Baltimore's long-stalled superblock project has cleared two of the last remaining hurdles, a move that city officials say should allow redevelopment of a blighted swath of downtown's west side to begin next year.
The Board of Estimates approved deals for several properties considered crucial to the project after years of opposition from their owners.
One of the owners also agreed to drop a lawsuit challenging the validity of the city's choice of developer Lexington Square Partners at a closed meeting three years ago. That suit, which was due for retrial in Baltimore Circuit Court, could have resulted in lengthy delays.
The agreements appear to resolve the major outstanding obstacles to the project, which has been mired in numerous controversies, including one that pitted the city against one of its largest and most influential charitable foundations.
"This removes a big uncertainty," said M.J. "Jay" Brodie, president of the Baltimore Development Corp.
In addition to abandoning its lawsuit, Carmel Realty also agreed to give up its right to contest the seizure of its Valu Plus store at 223-227 W. Lexington St. It also will forgo its right to develop a nearby property on North Howard Street in exchange for $2.7 million.
The Board of Estimates approved a separate settlement with the owners of New York Fashions to acquire its 12,000-square-foot flagship store and warehouse at Lexington Street and Park Avenue for $3.75 million.
The property was a key element in a land swap with the Harry and Jeanette Weinberg Foundation Inc., which is developing part of the project along with Baltimore's Cordish Co.
The land swap settled a bitter dispute between Weinberg and the city, which was threatening to seize the foundation's properties.
Yesterday's board actions mean Lexington Square can start next summer to build 400 to 500 new market-rate apartments and up to 250,000 square feet of shops and parking, said Jerome Hagley, executive vice president and chief operating officer of the Dawson Co., of Atlanta, a member of the Lexington Square team.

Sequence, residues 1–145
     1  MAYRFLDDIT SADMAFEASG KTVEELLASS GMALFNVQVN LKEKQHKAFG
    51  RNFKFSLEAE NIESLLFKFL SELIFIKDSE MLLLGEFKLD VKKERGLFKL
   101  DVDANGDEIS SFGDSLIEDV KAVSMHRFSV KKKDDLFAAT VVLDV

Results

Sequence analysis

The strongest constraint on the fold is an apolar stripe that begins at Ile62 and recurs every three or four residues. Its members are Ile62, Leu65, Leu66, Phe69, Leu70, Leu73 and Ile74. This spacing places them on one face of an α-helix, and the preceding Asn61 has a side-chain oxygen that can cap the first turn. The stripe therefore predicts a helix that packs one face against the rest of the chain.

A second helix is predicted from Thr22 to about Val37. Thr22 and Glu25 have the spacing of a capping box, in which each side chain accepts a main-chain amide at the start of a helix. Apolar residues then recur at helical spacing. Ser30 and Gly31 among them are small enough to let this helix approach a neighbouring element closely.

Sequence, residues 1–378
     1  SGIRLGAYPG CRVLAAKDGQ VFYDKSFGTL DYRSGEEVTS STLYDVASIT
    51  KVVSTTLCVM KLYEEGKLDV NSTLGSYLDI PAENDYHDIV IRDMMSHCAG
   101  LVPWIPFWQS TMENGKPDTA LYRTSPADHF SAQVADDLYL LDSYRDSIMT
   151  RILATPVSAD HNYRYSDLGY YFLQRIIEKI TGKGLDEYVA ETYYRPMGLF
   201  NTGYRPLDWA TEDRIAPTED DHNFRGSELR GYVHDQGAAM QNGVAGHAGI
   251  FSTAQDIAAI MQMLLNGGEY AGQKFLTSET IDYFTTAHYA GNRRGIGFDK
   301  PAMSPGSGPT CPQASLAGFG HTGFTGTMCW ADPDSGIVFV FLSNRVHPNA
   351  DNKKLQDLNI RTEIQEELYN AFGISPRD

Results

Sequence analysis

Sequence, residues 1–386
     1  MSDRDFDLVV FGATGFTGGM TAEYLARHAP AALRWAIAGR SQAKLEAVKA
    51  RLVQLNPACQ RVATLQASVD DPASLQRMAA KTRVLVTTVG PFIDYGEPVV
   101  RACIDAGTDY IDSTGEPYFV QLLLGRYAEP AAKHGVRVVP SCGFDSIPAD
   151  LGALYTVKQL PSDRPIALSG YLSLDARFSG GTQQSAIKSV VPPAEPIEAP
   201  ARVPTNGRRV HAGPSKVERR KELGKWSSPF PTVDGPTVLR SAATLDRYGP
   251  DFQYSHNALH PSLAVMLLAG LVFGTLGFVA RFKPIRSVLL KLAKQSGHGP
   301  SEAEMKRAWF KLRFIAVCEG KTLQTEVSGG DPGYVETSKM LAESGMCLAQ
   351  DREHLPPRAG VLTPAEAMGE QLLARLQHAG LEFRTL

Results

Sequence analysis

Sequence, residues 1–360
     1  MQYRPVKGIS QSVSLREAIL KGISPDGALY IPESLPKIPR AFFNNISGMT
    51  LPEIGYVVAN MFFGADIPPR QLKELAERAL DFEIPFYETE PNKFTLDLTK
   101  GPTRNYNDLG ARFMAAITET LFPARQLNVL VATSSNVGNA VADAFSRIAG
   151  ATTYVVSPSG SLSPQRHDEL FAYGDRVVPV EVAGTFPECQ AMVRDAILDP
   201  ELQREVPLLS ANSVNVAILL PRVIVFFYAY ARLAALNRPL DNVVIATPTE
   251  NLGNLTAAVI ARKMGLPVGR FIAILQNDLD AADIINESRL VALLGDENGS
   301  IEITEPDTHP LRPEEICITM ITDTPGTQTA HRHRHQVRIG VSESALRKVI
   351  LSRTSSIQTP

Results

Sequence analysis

Hagley expects the city to convey the property by June and construction on the $250 million project to start shortly thereafter.
"We have significant amount of interest in the site." Hagley said. "When you're marketing to retailers, one of the main things they want to know is specifically when they'll be able to open, and that all goes back to when we have access to the site."
Lexington Square had been selected in 2004 to redevelop 37 properties in an area bounded by Howard, West Lexington, Liberty and West Fayette streets.
As part of the agreement approved yesterday, Lexington Square also will redevelop property at 117 to 121 N. Howard St., which had originally been awarded for development to Carmel.
Lexington Square will give up its right to develop buildings in a block bounded by Park Avenue and West Lexington, Liberty and Marion streets.
The board also approved a reduction in the price Lexington would pay for the properties to $16.8 million from the original $21.6 million because of the changes in its development site and to reflect the city's $2.45 million contribution to the Carmel settlement.
As in the original land sale agreement, the developer, which also includes team members Cheer Group and the Feel Group, both of New York, can deduct up to $10 million for environmental remediation and demolition.
Carmel plans to move its retail store, Valu-Plus, in the 200 block of W. Lexington St., to a former Presage's store it owns in the 100 block of West Lexington, said John C. Murphy, an attorney representing Carmel.
Carmel's lawsuit, originally filed on behalf of Carmel and other condemned properties in the superblock, argued that BDC, the city's development arm, had selected Lexington Square behind closed doors.
The suit had been dismissed by a Baltimore judge, but was reinstated when Maryland's highest court ruled that the BDC must open its meetings and its paperwork for public review.
"Carmel has a very successful store there in the 200 block, and that's always what they were fighting for," Murphy said. "They're losing that location, so it's difficult for them from that standpoint."
Murphy also represented New York Fashions owners Nam S. Koo and Seon G. Good. He said the two sides had reached a compromise between a July offer of $1.7 million from BDC and the owners' request for $5.98 million to cover the value of the buildings and losses in rent, income and inventory.
"It's been a long struggle for the Koos, and I was glad to see some recognition was given to the fact that they had lost a great deal of money staying in that location," Murphy said.
The store sits in an area north of Lexington Street, between North Howard Street and Park Avenue, where Cordish and the Weinberg Foundation plan at least 70,000 square feet of offices, apartments, shops and restaurants.
"Both the Weinberg Foundation and the Cordish Co. are delighted that the city and New York Fashions were able to amicably resolve their differences," e-mailed Cordish President David Cordish. "This opens up the rest of the Stewart's block for the Foundation/Cordish partnership."
But the timing of construction hinges on Lexington Square's plans, said Shale D. Stiller, Weinberg's president.
"Our agreement is, we don't begin our work until the group from New York has begun to do its work and build some buildings on the south side of the street," to enable the north side to attract tenants, Stiller said. "We would hope we could all get started as soon as possible."